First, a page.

It’s the news that thousands of racing fans in the south east had been waiting for. The redevelopment of one of the nation’s best loved and most famous greyhound tracks has finally got underway, and greyhound racing will return to Romford before the end of the year.
The track saw its last race in November 2017, closing suddenly after a routine fire inspection identified problems with safety lighting. What was initially seen as a minor problem that would take days to resolve soon escalated, when further investigations revealed the presence of asbestos throughout the building.
Part of the local community
Romford is one of those tracks that is much beloved in the local community. There is always a friendly and informal feel to the race meetings, as residents from Essex and London congregate, often bringing their children along. The stadium stands on high-value real estate land, being right in the commuter belt and just a 20 minute train ride from central London, so there is a feeling of relief that Romford Dogs, as it is affectionately known, will be back bigger and better than ever, and the site will not be converted into yet more housing.
In the meantime, local punters will have to find an alternative for a great night out, and fortunately Essex has a couple of other options. Where only the dogs will do, there is Harlow Stadium, or for those who want to work on the best Dutching strategies, there are regular horse races at Chelmsford City Racecourse to the north of the county in Great Leighs.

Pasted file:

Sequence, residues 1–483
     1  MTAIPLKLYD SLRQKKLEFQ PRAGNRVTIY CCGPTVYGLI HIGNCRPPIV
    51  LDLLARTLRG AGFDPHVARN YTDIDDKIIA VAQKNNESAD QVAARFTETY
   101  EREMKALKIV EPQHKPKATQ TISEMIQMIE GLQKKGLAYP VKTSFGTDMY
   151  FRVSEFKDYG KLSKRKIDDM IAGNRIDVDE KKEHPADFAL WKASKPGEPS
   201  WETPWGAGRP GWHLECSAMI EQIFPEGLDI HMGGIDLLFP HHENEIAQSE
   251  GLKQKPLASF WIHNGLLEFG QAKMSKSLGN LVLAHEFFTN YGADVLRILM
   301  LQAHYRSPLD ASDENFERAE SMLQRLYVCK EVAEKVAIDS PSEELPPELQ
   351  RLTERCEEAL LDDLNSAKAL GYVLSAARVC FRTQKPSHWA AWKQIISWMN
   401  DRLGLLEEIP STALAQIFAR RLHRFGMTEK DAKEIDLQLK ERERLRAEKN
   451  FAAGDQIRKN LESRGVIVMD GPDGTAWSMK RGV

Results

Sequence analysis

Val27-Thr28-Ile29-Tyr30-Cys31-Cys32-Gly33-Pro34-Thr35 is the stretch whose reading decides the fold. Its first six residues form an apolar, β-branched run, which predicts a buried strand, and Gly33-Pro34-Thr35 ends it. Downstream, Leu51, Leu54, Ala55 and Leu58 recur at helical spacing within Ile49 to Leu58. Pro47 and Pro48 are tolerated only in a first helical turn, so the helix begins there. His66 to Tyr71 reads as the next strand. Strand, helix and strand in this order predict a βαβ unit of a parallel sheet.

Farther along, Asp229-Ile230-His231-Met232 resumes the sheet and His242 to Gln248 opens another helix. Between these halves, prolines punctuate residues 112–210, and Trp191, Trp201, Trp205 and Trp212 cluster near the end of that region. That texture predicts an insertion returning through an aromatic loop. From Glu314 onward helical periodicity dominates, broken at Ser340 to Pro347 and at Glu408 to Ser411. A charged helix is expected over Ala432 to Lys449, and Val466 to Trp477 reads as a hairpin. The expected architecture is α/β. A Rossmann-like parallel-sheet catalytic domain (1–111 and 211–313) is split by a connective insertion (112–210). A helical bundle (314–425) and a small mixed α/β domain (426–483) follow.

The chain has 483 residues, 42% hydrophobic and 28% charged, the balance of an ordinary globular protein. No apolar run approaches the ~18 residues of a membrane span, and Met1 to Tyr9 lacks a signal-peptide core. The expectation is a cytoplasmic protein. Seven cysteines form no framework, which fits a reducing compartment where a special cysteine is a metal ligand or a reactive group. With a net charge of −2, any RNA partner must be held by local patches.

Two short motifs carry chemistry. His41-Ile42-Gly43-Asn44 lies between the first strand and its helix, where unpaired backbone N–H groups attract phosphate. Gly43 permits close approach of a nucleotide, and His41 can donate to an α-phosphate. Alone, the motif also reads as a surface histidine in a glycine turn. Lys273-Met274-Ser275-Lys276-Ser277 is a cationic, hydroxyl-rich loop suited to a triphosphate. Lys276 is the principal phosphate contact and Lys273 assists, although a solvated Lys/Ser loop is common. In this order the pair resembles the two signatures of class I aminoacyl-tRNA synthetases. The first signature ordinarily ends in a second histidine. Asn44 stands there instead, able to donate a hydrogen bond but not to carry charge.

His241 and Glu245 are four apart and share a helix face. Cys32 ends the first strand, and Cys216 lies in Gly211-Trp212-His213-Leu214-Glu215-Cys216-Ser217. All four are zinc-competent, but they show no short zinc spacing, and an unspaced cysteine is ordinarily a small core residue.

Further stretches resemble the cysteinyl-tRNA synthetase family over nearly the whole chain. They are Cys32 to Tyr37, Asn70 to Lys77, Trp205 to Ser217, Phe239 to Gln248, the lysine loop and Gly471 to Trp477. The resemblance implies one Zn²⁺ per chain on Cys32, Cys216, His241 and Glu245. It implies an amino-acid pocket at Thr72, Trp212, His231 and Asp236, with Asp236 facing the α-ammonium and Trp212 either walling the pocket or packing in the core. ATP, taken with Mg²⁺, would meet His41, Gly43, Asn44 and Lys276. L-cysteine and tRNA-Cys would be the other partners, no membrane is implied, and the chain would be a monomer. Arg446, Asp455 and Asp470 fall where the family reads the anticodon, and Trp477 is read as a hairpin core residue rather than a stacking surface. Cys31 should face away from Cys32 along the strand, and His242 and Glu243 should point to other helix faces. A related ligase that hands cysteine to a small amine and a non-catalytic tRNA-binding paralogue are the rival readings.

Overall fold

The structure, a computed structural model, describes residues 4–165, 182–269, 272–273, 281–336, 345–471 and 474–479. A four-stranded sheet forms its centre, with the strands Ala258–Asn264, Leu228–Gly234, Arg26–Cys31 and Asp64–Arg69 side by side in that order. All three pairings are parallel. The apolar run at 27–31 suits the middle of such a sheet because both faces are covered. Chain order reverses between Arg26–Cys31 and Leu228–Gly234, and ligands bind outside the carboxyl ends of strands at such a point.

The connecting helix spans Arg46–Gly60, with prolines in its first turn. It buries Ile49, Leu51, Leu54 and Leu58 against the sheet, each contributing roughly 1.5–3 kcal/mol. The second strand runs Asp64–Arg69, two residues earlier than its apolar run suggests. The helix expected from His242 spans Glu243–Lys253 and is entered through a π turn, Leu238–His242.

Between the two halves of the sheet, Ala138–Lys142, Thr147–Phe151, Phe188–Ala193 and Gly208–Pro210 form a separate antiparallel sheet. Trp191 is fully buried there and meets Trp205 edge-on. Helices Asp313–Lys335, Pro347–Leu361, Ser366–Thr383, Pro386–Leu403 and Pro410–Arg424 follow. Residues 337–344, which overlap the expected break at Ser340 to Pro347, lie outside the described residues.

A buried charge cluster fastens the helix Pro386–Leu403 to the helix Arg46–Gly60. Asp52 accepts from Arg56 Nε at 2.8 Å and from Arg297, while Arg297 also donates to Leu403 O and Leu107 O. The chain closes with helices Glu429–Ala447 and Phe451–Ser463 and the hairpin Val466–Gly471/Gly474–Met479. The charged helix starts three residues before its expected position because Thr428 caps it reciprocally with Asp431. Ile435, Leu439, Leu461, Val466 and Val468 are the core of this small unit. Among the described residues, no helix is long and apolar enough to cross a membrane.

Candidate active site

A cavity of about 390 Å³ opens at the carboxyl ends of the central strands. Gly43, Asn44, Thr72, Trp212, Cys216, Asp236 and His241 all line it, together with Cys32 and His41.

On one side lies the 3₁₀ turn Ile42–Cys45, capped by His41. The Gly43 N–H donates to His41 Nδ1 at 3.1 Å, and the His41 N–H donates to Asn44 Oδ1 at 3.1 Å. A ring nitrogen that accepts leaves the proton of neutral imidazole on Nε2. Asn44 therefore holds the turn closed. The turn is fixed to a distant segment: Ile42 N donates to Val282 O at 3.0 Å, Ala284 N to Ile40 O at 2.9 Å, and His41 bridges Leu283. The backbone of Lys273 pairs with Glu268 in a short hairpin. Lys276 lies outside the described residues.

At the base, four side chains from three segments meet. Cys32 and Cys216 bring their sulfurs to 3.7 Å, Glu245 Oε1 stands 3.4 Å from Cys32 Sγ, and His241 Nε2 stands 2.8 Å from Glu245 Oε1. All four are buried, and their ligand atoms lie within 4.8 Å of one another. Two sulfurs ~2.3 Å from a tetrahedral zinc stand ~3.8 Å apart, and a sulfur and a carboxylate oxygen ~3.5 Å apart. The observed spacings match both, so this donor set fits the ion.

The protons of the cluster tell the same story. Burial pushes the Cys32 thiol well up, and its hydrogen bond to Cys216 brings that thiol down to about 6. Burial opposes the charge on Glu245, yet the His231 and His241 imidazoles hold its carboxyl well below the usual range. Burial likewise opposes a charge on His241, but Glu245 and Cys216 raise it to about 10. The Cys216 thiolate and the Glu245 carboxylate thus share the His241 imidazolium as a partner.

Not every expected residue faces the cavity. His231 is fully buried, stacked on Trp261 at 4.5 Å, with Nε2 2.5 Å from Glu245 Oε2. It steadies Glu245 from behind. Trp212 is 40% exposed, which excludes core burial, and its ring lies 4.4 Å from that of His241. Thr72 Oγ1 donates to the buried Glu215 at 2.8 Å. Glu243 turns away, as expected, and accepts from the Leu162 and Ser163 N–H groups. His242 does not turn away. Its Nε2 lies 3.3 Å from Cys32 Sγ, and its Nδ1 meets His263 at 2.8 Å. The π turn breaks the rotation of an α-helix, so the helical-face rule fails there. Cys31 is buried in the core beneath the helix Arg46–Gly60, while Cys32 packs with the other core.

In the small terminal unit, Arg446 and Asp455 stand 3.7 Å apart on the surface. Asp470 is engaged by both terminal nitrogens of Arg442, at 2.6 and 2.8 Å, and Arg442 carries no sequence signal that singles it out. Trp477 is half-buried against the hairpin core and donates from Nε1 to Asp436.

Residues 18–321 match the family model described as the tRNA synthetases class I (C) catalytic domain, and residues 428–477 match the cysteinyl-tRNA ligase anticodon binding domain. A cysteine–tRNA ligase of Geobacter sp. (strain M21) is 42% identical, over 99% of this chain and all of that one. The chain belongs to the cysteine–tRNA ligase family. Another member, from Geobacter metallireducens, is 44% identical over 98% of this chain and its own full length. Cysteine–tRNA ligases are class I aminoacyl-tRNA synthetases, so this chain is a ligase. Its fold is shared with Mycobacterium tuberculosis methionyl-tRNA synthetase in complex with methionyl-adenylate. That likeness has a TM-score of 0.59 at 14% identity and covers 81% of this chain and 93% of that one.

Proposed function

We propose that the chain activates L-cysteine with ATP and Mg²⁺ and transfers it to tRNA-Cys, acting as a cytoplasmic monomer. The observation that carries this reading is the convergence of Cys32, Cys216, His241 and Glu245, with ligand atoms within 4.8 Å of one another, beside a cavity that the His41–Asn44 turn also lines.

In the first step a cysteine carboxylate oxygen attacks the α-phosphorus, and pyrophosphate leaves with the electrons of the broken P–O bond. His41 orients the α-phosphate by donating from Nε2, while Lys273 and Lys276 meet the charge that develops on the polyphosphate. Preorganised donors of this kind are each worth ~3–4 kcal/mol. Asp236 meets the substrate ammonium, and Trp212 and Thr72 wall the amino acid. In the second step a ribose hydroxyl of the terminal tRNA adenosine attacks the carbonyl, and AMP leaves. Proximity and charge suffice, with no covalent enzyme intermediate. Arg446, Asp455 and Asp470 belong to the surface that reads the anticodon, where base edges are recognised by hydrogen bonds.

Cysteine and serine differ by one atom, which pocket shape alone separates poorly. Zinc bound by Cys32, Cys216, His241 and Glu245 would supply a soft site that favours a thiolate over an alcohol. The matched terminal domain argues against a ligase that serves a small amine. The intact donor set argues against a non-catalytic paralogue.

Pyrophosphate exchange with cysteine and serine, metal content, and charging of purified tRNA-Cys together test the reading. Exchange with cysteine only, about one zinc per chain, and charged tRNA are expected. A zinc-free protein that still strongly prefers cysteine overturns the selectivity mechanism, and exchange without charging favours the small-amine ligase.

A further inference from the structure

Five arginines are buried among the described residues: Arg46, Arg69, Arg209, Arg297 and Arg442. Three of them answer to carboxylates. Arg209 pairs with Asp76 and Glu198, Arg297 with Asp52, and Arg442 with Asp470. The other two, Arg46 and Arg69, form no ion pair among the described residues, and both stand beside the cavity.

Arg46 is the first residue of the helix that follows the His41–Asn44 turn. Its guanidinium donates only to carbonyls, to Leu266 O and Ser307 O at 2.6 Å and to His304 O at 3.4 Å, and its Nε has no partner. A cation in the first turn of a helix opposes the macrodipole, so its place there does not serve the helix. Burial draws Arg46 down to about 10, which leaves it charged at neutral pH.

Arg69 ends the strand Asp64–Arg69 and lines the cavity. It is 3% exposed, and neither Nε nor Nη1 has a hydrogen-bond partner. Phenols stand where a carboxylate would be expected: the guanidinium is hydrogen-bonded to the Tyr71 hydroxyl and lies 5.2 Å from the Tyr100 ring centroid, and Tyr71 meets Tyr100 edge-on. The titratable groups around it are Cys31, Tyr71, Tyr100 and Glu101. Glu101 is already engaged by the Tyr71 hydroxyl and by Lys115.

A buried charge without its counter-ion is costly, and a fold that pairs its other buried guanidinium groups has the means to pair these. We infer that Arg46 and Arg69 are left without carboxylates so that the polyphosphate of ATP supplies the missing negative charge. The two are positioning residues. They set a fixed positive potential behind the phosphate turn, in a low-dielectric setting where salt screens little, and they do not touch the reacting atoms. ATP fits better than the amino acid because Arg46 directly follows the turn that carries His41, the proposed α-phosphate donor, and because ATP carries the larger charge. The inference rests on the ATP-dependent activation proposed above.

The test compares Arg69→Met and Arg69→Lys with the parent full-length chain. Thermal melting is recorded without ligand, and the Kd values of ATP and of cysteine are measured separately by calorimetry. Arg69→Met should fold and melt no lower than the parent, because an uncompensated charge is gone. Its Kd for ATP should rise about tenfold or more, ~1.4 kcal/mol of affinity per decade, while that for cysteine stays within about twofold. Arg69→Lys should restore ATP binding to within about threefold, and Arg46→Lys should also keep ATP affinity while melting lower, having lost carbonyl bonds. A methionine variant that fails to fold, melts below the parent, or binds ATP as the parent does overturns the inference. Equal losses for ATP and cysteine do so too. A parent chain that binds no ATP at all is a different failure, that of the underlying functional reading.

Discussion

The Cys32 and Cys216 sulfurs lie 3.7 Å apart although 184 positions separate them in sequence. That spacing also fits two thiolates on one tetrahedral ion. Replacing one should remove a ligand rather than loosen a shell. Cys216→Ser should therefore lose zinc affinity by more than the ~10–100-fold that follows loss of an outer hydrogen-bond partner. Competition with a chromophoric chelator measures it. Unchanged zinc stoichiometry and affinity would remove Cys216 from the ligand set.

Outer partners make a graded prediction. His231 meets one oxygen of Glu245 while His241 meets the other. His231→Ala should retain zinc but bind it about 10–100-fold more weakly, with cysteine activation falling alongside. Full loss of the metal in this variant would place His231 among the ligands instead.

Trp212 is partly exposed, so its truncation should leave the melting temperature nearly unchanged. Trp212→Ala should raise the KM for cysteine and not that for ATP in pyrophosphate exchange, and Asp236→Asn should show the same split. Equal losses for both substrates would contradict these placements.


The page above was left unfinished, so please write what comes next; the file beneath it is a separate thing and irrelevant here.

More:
What’s in store at Romford?
Part of the reason behind Romford’s fame is its location right alongside the main rail line into London from Chelmsford, Colchester, Ipswich and the rest of East Anglia. It is a familiar sight for millions of city commuters, and they will have a perfect view of progress as the stadium transforms over the course of the year.
The work has started with the complete demolition of the Main Stand to create more than 100 parking spaces, including additional disabled access and parking. This should ease tension with some members of the local community, as parking on residential side streets has always been a bugbear.
The Millennium Stand will be completely renovated, and a new restaurant will be constructed to add more choice to the dining options, which have traditionally been of the very basic variety. The reception area and office building are also set to be modernised, and there are plans to demolish and replace the tote building and scorecard.
Other changes and improvements include relocating the steward’s box into the roof of the refurbished Millennium stand, and also repositioning the finish line so that it is directly in front of the new steward’s box.
Owners Ladbrokes Coral Group are also looking to increase interest in Romford Greyhound Stadium from a corporate perspective. It is already a hugely popular venue for the informal “works do” and the redevelopment will see the addition of new facilities for hosting parties and corporate events.
Ian Smyth is the company’s Stadia Director. He told local reporters that the investment being ploughed into Romford Stadium: “demonstrates our commitment to greyhound racing and the future of our Romford track, and gives us the opportunity to host the premier venue for greyhound racing in London, which we believe is a fantastic boost for the sport given track closures in the area in recent years.”
Local greyhound racing fans will be certain to agree, and will be counting down the weeks till Christmas, when the new-look Romford dogs will be back open for business.